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I have searched some time about this matter and didn't find proper answer anywhere.

Let's say I have a string:

"The quick brown fox jumps over the lazy dog"

I need to find unique words in this string and their byte positions and also byte distance between same words.

Ok I can manage to find words, but what is their byte position and any ideas to track distance in bytes? Is for example: 5 is the position of string quick and converted to bytes?

I hope this doesn't sound too stupid (I am fairly new to Java).

  • Have you written any code to achieve this yet? Or even psuedo code? Any effort at all? – takendarkk Apr 29 '14 at 9:28
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    How is this string encoded ? – PeterMmm Apr 29 '14 at 9:28
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    @skywalker you should by now have gotten the message that "byte position" of a letter or word in a Java String is not a useful concept. – jwenting Apr 29 '14 at 9:40
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    @morgano wouldn't the distance then depend on which encoding you use for getBytes? – awksp Apr 29 '14 at 9:45
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    @skywalker What are you trying to do that requires you to know the precise byte position/distance for characters in a string? – awksp Apr 29 '14 at 9:52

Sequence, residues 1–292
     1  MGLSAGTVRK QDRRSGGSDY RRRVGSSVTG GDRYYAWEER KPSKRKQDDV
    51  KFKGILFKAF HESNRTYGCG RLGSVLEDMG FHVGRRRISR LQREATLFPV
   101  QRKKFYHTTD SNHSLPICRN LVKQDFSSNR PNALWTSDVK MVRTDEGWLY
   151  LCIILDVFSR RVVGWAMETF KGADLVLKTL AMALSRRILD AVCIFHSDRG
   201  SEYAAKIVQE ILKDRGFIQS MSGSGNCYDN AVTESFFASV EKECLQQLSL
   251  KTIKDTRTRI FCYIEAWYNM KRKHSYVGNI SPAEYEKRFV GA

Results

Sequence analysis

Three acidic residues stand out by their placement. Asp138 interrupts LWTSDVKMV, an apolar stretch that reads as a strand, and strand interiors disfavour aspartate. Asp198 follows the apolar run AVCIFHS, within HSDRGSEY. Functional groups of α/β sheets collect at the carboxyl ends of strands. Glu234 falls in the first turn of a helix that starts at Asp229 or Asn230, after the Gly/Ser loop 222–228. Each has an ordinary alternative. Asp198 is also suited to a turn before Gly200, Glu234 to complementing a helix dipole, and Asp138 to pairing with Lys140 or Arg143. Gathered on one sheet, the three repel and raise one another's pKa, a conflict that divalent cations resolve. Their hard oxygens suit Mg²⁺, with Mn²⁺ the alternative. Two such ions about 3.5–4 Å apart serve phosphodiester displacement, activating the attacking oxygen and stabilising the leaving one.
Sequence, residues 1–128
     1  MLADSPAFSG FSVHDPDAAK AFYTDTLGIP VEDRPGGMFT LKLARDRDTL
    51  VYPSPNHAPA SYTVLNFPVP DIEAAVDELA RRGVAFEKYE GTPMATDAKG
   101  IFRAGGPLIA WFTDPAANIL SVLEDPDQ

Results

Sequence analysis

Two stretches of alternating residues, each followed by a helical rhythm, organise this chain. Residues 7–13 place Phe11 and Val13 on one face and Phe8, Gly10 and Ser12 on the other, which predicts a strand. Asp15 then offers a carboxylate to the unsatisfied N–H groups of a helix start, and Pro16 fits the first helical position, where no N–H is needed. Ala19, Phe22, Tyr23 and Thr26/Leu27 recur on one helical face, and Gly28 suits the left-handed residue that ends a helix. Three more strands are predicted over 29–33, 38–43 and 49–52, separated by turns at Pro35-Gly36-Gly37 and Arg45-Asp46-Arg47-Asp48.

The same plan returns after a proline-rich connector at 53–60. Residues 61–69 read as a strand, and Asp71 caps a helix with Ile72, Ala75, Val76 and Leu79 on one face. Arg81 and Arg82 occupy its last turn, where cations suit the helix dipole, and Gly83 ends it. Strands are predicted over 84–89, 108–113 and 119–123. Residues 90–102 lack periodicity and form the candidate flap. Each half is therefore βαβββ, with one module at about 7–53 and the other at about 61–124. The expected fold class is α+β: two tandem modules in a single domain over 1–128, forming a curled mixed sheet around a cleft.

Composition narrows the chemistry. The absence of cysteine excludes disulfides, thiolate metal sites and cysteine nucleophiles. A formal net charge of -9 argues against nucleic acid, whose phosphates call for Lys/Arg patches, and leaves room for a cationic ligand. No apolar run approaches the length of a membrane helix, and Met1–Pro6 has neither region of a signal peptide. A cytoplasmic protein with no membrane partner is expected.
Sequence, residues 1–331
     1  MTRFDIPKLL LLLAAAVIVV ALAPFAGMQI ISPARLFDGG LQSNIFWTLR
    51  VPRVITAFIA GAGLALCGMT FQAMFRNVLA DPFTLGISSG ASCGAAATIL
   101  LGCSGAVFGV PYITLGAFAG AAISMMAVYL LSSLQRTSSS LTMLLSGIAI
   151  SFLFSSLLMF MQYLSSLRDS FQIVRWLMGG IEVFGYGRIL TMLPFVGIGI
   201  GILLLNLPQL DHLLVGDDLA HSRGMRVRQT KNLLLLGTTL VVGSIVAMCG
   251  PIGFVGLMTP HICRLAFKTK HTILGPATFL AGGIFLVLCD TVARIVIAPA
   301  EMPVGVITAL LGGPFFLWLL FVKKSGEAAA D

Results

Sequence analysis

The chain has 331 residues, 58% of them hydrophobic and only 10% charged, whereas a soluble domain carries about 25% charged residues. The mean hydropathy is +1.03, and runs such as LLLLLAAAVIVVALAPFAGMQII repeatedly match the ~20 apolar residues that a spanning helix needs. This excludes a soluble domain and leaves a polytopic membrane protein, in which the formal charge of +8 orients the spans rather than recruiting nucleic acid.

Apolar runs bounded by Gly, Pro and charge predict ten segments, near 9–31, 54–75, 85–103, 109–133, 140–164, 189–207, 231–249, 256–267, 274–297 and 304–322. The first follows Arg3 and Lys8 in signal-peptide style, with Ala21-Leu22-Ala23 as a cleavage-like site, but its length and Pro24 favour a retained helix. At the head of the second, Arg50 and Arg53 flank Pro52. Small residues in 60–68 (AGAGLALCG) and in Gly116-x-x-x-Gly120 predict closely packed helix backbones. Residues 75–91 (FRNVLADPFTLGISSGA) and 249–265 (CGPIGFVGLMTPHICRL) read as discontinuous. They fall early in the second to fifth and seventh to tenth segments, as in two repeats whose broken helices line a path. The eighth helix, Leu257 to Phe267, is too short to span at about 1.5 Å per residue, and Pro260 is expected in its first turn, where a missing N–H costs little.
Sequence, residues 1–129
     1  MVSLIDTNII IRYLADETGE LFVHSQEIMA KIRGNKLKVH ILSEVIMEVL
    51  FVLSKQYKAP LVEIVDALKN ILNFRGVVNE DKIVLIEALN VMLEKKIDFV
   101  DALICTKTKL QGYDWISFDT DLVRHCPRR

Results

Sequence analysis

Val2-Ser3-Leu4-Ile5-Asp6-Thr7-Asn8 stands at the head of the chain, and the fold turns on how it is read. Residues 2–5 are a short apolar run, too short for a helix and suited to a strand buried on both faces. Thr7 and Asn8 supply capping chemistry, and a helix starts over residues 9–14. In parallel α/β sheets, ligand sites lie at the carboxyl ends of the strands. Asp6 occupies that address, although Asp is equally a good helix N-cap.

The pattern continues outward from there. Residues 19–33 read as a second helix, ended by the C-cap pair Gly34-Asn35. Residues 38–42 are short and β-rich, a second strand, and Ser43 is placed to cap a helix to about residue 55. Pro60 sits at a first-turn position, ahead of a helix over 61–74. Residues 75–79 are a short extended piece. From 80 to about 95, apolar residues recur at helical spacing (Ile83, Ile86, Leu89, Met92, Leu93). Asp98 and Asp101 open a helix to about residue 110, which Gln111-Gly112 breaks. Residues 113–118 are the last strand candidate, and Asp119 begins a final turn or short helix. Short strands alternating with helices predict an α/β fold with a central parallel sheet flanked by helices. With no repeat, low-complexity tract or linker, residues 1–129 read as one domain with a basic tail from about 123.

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Finding unique words should be fairly easy; split on whitespace, add strings to a Set, and whatever's in the Set at the end of the method will be the unique words in the file. this can be made arbitrary complex though, depending on what defines a unique word, and if characters other than whitespace separate words.

The byte position/distance question is a bit harder. If memory serves, String objects in Java are wrappers around char[] objects, and chars are 16-bit unicode characters in Java (http://docs.oracle.com/javase/tutorial/java/nutsandbolts/datatypes.html).

So I'm guessing byte distance is just a linear function of the character position?

If you're working with other encodings though the getBytes() method might be useful.

http://docs.oracle.com/javase/tutorial/i18n/text/string.html

So for something like that, a naive solution would be to determine the number of bytes for each character, which would allow for really easy calculation of byte positions/distances, but determining that probably isn't that efficient. It should, however, yield correct results if done correctly.

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Positions are counted from 0, not 1. So "quick" would have character position 5, which for US-ASCII is also the byte position. Maybe character positions suffice.

String s = "The quick brown fox jumps over the lazy dog";
int charsIndex = s.indexOf("quick"); // 4
int charsLength = "The ".length(); // 4
int bytesLength = "The ".getBytes("UTF-8").length; // 4
char ch = s.charAt(4); // 'q'
int c = s.codePointAt(4); // (int) 'q'

In Java text (String) is always in Unicode, hence all chars are possible and combinable. Bytes (byte[]) are in some encoding and may vary per encoding.

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